His appreciations of Keats, Coleridge, Hogarth, Meredith, Ibsen and Lowell will interest all who know those writers. The article on R. H. Hutton has a melancholy interest at the present moment. The analysis of one of Rossetti's sonnets by the shade of Dr. Johnson is somewhat merciless : but it brings into sight the intellectual gulf which separates most of Mr. Watson's work from the prettinesses of much contemporary poetry. The essay on the “ Mystery of Style" confirms the conclusion, already here otherwise arrived at, that behind and above all others, Milton is his ideal poet. In his essay on “ Critics and their Craft,” Mr. Watson displays something of that “joy of battle” of which Northern poets knew something a thousand years ago. “The half-contemptuous amiability of the latter day reviewer,” he cannot away with ; and he almost sighs for the good old days when “the critic and poet were like the gardener and the frog that we have heard of. “I'll larn you to be a frog,' said the gardener, as he applied the hoe of extermination.”

But Mr. Watson is hardly the man to allow himself to be so tamely exterminated.

In connexion with the re-printing of the Prince's Quest, I may now quote a few lines of it. I have purposely deferred doing so, in order that the contrast between Mr.

Watson's earlier and later styles may be made more manifest. The passage describes the opening scene of the dream which prompted the prince to his quest :

'Twas like as he did float adown a stream,
In a lone boat that had nor sail nor oar
Yet seemed as it would glide for evermore,
Deep in the bosom of a sultry land
Fair with all fairness. Upon either hand
Were hills green-browed and mist-engarlanded,
And all about their feet were woods bespread,
Hoarding the cool and leafy silentness
In many an unsunned hollow and hid recess.
Nought of unbeauteous might be there espied ;
But in the heart of the deep woods and wide,
And in the heart of all, was Mystery-
A something more than outer eye might see,
A something more than ever ear might hear.
The very birds which came and sang anear
Did seem to syllable some faery tongue,

And, singing much, to hold yet more unsung. It was nearly two years after the simultaneous issue and re-issues just mentioned that Mr. Watson's next volume, Odes and other Poems, was issued from the Bodley Head establishment, which had in the meantime passed under the sole administration of Mr. John Lane. This was in December, 1894, and the volume consists chiefly of poems produced during the two previous years. One poem, the Vita Nuova, records, very touchingly, the author's recovery from the illness already mentioned. Written on March 18, 1893, it first of all celebrates the revival of nature after winter's deadness and storm; then it proceeds :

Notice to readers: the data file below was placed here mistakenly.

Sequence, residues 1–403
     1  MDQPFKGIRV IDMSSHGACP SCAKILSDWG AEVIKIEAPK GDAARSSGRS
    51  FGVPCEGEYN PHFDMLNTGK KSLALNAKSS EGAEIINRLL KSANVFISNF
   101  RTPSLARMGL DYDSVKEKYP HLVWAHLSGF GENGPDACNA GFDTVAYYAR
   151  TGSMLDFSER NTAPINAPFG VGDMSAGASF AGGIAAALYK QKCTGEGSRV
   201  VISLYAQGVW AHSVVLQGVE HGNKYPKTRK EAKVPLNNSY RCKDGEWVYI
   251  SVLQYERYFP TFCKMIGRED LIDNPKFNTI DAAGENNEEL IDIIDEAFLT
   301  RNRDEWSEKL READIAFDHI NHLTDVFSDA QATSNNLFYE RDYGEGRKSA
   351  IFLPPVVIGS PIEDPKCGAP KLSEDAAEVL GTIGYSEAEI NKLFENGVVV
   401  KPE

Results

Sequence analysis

I, too, have come through wintry terrors,-yea,
Through tempest and through cataclysm of soul
Have come, and am delivered. Me the Spring,
Me also, dimly with new life hath touched,

And with regenerate hope, the salt of life;
And I would dedicate these thankful tears
To whatsoever power beneficent,
Veiled though his countenance, undivulged his thought,
Hath led me from the haunted darkness forth
Into the gracious air and vernal morn,
And suffers me to know my spirit a note
Of this great chorus, one with bird and stream
And voiceful mountain,-nay, a string (how jarred
And all but broken !) of that lyre of life
Whereon himself, the master harp-player,
Resolving all its mortal dissonance
To one immortal and most perfect strain,
Harps without pause, building with song the world.

The volume takes its title from the six odes with which it commences—To R. H. Hutton, To H. D. Traill, To A. C. Benson, To Licinius, To the First Skylark of Spring, and Lakeland Once More. The last has already been quoted; the subject of the last but one challenges a comparison with more than one of the finest lyrics in the language. To say that it is not hopelessly defeated is already great praise. The ode, To Licinius (Horace, Ode x, bk. 2), is the solitary specimen of translation which Mr. Watson has given us. Its merit as an English poem is higher than as a translation. Compare the fine third stanza with the original Latin :

Most rocks the pine that soars afar,

When leaves are tempest-whirled.
Direst the crash when turrets are

In dusty ruin hurled.
The thunder loveth best to scar

The bright brows of the world.

Saepius ventis agitatur ingens
Pinus et celsæ graviore casu
Decidunt turres feriuntque summos

Fulgura montes.